How much of an incentive to vote strategically is there in instant runoff voting?

The instant-runoff voting system (IRV) has recently been a popular reform proposal in several countries. In IRV (also known as ranked-choice voting and the alternative vote), voters rank the candidates and the winner is determined by successively eliminating less-popular candidates. IRV was on the ballot in referendums held in the United Kingdom and British Columbia and is currently in use in federal elections in Australia, congressional elections in Maine and Alaska and numerous city elections across the US—including New York City and San Francisco. 

In this paper we aim to rigorously assess the common claim that IRV is less susceptible to strategic voting than plurality; to do so, we develop concepts and tools that can help address other questions about voting systems and strategic voting.

Strategic voting in plurality and instant-runoff voting

Advocates of IRV claim that it permits voters to cast their ballot in line with their sincere preferences. This stands in contrast to plurality elections, where widespread strategic incentives in multi-candidate elections are a well-known phenomenon: if my preference ordering among candidates is A > B > C, but only B and C have a realistic chance of winning, I have an incentive to abandon A and vote for B in the hope of increasing the odds of B winning against C. In IRV, on the other hand, there may be no harm in ranking A first: if A gets eliminated, my vote transfers to B and my second preference still contributes to the probability of B winning against C in the final round.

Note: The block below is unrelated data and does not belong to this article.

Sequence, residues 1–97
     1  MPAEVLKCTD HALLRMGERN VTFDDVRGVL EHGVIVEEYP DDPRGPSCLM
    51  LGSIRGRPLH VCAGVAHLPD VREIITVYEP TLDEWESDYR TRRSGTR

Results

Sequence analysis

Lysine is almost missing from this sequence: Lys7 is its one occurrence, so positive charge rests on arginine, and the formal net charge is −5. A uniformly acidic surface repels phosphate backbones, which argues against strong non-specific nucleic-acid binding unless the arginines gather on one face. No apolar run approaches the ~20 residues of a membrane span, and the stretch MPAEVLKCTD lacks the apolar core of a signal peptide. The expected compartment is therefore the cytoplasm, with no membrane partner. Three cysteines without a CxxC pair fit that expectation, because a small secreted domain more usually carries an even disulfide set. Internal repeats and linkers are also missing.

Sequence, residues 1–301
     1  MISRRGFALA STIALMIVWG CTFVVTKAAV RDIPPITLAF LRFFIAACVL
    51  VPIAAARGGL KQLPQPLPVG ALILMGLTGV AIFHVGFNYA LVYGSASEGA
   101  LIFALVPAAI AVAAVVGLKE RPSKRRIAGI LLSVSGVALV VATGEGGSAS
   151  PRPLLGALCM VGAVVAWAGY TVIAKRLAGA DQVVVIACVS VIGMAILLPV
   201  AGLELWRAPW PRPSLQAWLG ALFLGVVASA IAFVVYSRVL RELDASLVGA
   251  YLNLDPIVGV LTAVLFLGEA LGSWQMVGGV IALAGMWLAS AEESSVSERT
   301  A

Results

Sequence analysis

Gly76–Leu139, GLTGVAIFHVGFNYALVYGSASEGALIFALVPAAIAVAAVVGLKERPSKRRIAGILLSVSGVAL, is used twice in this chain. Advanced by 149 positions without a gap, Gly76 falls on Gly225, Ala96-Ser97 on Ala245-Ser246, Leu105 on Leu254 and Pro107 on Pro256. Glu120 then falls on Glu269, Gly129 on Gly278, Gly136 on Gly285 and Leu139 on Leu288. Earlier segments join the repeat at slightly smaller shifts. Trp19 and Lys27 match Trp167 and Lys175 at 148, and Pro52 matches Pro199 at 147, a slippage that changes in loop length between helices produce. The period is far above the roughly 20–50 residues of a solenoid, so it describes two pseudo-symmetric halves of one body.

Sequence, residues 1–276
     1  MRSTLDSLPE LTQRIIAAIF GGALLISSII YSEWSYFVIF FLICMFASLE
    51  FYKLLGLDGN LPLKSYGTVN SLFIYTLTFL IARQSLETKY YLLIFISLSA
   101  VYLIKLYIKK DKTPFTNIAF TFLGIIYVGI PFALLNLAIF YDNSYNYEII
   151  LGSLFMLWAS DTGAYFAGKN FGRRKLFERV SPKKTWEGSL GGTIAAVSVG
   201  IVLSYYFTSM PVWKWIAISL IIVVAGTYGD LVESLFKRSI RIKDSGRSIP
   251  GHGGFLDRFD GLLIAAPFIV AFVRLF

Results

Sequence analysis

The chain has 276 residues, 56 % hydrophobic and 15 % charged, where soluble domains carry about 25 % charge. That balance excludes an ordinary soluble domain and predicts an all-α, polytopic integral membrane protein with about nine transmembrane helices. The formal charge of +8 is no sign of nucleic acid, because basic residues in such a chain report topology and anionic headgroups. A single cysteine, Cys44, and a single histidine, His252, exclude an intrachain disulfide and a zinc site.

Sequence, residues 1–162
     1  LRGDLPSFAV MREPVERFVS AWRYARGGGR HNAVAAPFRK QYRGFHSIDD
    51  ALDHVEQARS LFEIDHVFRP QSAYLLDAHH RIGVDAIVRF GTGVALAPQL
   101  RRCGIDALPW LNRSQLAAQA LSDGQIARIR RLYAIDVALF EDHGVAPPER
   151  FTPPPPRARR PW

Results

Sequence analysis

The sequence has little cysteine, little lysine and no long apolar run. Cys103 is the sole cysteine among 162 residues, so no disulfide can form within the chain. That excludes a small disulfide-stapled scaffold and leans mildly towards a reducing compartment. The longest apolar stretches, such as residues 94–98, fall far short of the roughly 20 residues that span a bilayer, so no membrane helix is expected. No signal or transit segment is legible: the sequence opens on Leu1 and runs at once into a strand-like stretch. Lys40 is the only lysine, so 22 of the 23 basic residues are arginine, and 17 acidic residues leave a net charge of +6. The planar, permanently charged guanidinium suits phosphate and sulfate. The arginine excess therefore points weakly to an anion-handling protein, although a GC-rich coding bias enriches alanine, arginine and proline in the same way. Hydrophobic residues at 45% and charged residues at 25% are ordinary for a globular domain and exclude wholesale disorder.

However, we know from social choice theory that no (non-dictatorial) electoral system is fully immune to strategic voting. That is, there exist some situations—even under IRV—in which I am better off voting insincerely. For instance, if A and B are equally likely to advance to the runoff, but only B has a chance of beating C in the final round (e.g. by way of being the centrist candidate), I may be better off casting my first preference for B with the intention of avoiding the worst outcome (C being elected). It remains an open question how prevalent and how strong these types of incentives are under IRV.